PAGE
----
SLED DOG RACING IN NEW ZEALAND
A PHOTOGRAPHIC ODYSSEY
BY TERESA ANGELL
A unique record of Sled Dog Racing in New Zealand to treasure and keep for generations to come.
- A slice of New Zealand history, from the DIY beginnings through to today
- See and feel the energy, emotion and joy of musher and dogs
- A book for everyone who loves dogs
- A hand crafted, hard-cover book of 264 pages, packed with more than 280 images
- Once in a lifetime opportunity, only 500 copies printed
- Historical reference book
- Quality to last a lifetime
For five years Teresa Angell travelled around New Zealand interviewing breeders and mushers and photographing the growing sport of dryland/sled dog racing.
Teresa’s research and her photographs cover the sport’s raw, typical Kiwi DIY beginnings and the importing of the very first Siberian Huskies. Over the years this has led to what is today a rapidly growing and complex sport involving a wide range of dog breeds and an active, hospitable and friendly community which is passionate about its dogs.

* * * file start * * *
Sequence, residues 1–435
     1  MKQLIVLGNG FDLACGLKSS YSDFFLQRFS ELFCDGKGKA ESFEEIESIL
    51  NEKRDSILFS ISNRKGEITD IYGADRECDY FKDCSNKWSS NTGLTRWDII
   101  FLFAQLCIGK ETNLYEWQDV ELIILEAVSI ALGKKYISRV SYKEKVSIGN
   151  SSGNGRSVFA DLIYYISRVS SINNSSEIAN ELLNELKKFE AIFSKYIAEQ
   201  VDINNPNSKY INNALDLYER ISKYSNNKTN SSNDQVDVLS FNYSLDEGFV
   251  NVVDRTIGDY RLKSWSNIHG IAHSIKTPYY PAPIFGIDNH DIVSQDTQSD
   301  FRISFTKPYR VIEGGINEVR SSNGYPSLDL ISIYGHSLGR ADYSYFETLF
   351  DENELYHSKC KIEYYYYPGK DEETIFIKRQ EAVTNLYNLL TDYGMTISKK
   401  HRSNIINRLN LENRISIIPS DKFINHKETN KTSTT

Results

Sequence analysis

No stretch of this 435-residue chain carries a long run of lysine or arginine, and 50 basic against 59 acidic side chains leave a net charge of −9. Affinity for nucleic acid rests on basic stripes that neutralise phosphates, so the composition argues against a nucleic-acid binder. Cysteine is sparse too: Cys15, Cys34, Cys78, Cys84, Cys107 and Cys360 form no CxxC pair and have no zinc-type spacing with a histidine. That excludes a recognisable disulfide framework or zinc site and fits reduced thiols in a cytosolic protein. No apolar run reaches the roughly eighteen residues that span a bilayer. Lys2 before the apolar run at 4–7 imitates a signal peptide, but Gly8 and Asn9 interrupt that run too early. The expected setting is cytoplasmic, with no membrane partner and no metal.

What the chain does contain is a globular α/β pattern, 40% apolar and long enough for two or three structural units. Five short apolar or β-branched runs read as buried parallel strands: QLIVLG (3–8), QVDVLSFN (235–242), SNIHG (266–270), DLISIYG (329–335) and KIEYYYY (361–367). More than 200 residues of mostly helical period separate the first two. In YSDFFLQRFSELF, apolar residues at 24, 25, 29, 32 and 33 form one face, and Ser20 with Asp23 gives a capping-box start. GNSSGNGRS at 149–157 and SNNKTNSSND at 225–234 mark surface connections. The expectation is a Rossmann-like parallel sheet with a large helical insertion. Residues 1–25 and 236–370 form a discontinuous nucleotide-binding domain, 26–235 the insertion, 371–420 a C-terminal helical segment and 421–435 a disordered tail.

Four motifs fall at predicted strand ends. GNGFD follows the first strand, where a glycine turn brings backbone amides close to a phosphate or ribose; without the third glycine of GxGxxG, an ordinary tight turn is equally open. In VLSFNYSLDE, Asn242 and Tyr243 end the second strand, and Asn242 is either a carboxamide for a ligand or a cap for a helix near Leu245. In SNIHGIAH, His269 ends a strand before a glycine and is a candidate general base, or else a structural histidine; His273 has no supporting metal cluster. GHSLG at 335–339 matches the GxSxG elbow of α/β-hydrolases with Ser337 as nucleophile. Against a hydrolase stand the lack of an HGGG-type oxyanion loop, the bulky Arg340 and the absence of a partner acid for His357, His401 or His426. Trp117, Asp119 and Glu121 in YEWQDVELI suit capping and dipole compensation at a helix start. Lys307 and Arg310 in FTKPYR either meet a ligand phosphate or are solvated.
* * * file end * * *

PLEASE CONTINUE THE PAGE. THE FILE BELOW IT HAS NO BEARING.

The outstanding features of the book are Teresa’s stunning photographs, which pay a glowing tribute to the dogs and their owners. Her pictures capture the thrills, the drama – and the hard work – of this compelling and exciting sport.
Teresa has attended and photographed 18 weekend events from the top of snowy mountains to the middle of forests at dawn and everywhere in between. She has lived and breathed the race and community environment.
“Out there in the forest or snow with my camera at hand, at one with the dogs and the mushers who love what they are doing, I am lost in the moment. I am content no matter how dark or cold or wet the weather. Time passes easily in the thrill and challenge of finding and making the shot.
It is a true pleasure to share with you this story through my eyes and my camera lens. It is a story in pictures of a community full of life, fun and friendship, portraying the essence of power, strength, energy, drive and pure enjoyment of all the breeds of dogs and their mushers.”